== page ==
The Art of Guessing
Guessing, like pacing, is more important on the CAT than on any other test you have ever taken. You’ll have to guess often on the CAT because:
- You can’t skip questions. If you hit a mental block, you have to guess at the question in front of you. You can’t pass over a question and go back to it later. Since all answers are final, you have to make sure your guess is a good one. Most students waste more than 1/3 of their time bogged down on a handful of tough questions. You have to learn how to guess, move on, and cut your losses after spending more than a few minutes on a question.
- At the end of the test, when time is about to expire, you have to hurry to make sure to do every question or else face the severe penalty for not finishing all the test’s questions. Many students have to do this last-minute sprint and are often left guessing on the last few questions.
The key guessing strategy is P.O.E. (process of elimination). A big asset going into test day is knowing that one of the five possible answers must be right. If you can eliminate two of the choices, you can increase your chances of getting the right answer by 65% (from 20% or 1 in 5 to 33% or 1 in 3). Here’s how to do it:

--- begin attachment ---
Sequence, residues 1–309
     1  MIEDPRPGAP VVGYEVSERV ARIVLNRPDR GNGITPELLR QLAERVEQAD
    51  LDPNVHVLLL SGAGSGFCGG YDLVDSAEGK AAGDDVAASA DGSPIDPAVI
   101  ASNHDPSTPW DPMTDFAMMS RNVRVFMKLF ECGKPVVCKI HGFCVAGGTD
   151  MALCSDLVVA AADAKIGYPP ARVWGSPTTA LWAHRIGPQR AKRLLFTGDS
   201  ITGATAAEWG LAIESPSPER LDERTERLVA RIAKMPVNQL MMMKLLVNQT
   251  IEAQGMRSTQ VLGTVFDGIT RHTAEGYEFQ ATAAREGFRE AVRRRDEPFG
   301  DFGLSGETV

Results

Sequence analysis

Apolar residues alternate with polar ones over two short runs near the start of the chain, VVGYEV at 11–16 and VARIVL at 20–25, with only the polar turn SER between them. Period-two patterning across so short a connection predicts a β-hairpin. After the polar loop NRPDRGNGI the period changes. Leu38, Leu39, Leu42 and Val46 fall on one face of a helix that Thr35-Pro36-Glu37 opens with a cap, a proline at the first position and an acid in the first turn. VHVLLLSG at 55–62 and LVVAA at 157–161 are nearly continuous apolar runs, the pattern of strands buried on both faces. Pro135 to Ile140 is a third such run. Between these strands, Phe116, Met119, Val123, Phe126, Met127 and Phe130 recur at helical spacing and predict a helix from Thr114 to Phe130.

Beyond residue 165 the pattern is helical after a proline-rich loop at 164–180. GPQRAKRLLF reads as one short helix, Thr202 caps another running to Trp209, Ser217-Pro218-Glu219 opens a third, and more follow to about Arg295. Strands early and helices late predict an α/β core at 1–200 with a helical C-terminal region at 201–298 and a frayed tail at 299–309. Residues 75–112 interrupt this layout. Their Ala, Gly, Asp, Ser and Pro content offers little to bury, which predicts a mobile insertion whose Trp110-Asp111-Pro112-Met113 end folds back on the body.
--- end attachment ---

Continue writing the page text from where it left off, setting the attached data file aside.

Eliminate answer choices you know are wrong. Even if you don’t know the right answer, you can often tell that some of the answer choices are wrong. On Data Sufficiency questions, for example, you can eliminate at least two of the answer choices by determining if one of the statements is true.
Avoid answer choices that look suspicious. For example, on Sentence Correction questions, beware of any answer choices that look completely different from all of the other choices. In the Quantitative section, you can usually eliminate any answers that are negative when all the other answers are positive.
Once you have narrowed down the list of answer choices, pick one of the remainders. It is a myth that some answer choices, like A or C, are more often correct than other choices.